Terminology Tuesday: Maslow’s Hierarchy of Needs


In the 1950s, psychologist Abraham Maslow sought to determine what motivates people. He identified a set of needs and desires that individuals attempt to fulfil. The needs and desires have been modified over time,  but the comprehensive hierarchy includes:

  • Transcendence – An altruistic means of helping others identify their own potential – this form of self-actualization is a higher form, considering not just the self, but others.
  • Self-Actualization – Realizing our own potential and achieving self-fulfillment
  • Aesthetic – Symmetry, order, beauty, balance
  • Learning – Knowing, understanding, and mentally connecting to content
  • Esteem – Achievement, competence, receiving approval, becoming independent
  • Belonging – Love, family, friends, affection, community
  • Security – Protection, safety, stability
  • Physical – Hunger, comfort, thirst

Maslow’s needs are viewed as a hierarchy where transcendence is at the peak of the hierarchy, and physical needs are at the bottom of the hierarchy. As Maslow viewed it, you had to move from the bottom up, without moving to fulfil higher needs prior to fulfilling lower needs. Since it’s inception, research has found that individuals today fulfill needs simultaneously versus sequentially.

Without considering this hierarchy, most appeals are to the basement – the physical or psychological needs that are closer to the bottom of the hierarchy. In considering the hierarchy, you can design instruction to appeal to higher motivations, such as Learning, Self-Actualization, and potentially Transcendence.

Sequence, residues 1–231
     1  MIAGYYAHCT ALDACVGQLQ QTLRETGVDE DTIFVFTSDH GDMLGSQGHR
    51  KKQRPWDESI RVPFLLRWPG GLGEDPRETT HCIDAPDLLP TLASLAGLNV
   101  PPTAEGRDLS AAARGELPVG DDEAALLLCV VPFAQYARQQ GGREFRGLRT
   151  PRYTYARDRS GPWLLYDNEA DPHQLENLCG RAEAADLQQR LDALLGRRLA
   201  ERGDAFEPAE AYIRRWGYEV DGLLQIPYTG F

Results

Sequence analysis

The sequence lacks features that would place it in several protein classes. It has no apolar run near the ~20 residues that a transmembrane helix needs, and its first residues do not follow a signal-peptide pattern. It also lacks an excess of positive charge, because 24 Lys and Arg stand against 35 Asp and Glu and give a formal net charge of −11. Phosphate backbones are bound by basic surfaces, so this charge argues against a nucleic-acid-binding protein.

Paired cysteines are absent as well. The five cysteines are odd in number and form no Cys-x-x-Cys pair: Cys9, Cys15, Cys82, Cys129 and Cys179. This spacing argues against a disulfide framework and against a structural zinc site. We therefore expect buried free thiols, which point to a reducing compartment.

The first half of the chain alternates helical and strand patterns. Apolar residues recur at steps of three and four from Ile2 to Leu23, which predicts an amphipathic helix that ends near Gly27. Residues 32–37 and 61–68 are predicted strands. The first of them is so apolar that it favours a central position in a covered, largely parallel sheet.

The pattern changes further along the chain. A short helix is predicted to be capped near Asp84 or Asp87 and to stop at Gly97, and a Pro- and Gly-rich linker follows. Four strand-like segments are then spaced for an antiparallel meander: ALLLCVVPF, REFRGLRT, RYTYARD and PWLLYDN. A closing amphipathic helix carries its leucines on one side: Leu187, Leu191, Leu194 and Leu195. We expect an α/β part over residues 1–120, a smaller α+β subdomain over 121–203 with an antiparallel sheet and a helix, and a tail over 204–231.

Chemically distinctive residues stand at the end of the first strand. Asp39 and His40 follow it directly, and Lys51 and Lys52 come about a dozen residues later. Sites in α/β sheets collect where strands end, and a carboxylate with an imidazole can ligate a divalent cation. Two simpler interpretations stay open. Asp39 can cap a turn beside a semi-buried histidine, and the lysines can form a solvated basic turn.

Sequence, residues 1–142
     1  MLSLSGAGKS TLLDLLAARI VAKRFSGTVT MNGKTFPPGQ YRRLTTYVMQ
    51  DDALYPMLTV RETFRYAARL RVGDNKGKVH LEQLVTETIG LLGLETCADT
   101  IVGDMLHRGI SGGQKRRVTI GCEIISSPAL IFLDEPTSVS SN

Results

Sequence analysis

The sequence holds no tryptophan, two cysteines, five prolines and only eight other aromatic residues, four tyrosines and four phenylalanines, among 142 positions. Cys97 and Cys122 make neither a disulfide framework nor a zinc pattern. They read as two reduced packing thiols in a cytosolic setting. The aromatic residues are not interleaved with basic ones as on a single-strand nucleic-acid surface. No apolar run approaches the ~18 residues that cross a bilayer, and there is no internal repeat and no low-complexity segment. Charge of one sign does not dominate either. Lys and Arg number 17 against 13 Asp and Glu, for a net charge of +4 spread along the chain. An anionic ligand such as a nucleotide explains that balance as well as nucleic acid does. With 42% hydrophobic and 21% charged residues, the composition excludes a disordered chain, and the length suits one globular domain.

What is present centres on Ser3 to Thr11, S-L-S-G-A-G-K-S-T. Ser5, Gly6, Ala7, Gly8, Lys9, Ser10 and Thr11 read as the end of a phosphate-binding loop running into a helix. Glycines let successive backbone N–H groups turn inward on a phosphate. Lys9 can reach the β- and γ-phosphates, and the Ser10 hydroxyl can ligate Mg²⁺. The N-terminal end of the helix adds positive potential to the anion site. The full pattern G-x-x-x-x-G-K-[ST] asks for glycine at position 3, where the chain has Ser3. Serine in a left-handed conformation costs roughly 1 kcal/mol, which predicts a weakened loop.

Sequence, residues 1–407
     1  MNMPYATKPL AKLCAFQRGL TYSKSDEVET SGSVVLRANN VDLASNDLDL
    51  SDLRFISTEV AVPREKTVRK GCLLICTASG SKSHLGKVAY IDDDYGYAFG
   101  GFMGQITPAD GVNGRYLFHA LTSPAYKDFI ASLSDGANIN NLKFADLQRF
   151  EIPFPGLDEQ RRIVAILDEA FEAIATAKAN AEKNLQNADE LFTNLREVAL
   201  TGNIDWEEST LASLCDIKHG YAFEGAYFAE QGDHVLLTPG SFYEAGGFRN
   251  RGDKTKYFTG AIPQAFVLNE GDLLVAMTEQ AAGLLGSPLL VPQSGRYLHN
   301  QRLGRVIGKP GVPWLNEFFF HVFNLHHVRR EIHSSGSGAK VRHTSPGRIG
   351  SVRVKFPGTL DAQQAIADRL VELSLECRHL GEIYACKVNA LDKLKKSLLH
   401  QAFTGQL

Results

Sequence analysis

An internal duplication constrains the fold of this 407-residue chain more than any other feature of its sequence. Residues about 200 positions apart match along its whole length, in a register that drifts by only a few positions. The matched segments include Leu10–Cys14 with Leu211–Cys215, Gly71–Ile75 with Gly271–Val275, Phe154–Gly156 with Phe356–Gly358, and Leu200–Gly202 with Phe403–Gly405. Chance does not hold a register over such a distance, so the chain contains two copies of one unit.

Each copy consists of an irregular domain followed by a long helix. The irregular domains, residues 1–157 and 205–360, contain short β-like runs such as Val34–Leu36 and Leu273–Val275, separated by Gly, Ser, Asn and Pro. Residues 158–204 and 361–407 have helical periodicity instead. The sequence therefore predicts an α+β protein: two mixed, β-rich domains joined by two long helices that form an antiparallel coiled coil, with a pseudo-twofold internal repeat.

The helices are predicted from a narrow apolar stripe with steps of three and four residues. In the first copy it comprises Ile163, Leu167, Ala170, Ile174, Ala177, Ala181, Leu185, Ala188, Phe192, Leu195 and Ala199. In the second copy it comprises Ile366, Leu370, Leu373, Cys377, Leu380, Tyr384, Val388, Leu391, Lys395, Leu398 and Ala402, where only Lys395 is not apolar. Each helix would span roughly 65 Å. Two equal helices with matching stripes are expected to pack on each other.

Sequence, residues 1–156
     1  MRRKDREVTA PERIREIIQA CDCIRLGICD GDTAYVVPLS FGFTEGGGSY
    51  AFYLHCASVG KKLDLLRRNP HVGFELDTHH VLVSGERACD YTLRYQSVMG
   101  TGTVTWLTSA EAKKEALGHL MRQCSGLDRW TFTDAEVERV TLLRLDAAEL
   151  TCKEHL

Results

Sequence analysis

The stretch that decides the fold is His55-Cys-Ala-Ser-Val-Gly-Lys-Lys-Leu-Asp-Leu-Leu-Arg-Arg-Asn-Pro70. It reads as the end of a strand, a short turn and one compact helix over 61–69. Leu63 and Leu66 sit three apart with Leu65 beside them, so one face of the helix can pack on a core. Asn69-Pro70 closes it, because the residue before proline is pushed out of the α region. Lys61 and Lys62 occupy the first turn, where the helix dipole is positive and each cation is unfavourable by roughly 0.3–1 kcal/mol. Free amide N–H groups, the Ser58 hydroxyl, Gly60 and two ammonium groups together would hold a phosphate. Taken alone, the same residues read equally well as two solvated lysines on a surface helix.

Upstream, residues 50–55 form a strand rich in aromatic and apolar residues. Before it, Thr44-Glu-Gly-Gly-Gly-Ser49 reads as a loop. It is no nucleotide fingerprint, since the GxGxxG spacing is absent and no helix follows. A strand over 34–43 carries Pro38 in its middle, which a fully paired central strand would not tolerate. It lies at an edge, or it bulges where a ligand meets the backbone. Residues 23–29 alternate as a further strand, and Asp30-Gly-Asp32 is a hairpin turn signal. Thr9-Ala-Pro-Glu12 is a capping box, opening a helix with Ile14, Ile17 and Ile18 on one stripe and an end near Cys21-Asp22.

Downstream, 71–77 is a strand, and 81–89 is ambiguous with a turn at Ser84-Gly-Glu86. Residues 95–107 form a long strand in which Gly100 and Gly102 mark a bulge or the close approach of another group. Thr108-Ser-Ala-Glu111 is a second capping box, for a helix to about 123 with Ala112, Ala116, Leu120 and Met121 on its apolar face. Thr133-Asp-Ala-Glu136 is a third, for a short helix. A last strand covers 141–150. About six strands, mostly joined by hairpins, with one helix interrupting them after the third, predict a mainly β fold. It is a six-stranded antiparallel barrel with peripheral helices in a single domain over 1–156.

Within Instructional Design, there are many ways that the development of training and/or instruction can appeal to most of the needs in Maslow’s hierarchy.

Physical needs are typically met before students come to the instruction, but you can appeal to physical needs by structuring the instruction in order to provide ample opportunities for students to take breaks; this is often observed with self-paced e-learning, as the student can take breaks at any point to satisfy physical needs, such as eating and drinking. Another example of appeals to the physical need include school breakfast or lunch programs.

Security needs can be appealed to by creating supportive environments that don’t trigger an individual’s need for security. You can do this within the design and development phases, supporting instruction with calm audio or imagery that allows learners to feel safe and secure. A good example of this is pixelthoughts.co, which is a 60 second meditation tool. This tool teaches individuals meditation tactics, while appealing to the security needs of individuals.

Belonging is an easy one; you can appeal to the belonging need by designing your instruction to support a community-based approach (e.g. including opportunities for peer-to-peer interaction and engagement).

Esteem – The no child left behind act is an example of education appealing to the esteem need, but it’s not necessarily the best example, and can often backfire. A better example of appealing to the esteem need is to design instruction with frequent opportunities for reflection, discovery, and frequent feedback.

Learning – Learning is also an easy one; to appeal to the learning need, instruction needs to be designed in such a way that learners can achieve knowledge, skills, or attitudes. Promoting curiosity can also help appeal to the learning need

Aesthetic – In appealing to aesthetic, you can design and develop aesthetically pleasing instruction, based on proven design principles.

Self-Actualization – To appeal to self-actualization, instruction needs to be designed to include opportunities for reflection, goal setting, check ins (on those goals), and opportunities to track progress.

Transcendence – By attempting to appeal to all other needs, your instruction can be designed in such a way to offer an opportunity for transcendence; although this is hard to come by.

Terminology Tuesday: Instructional Design Models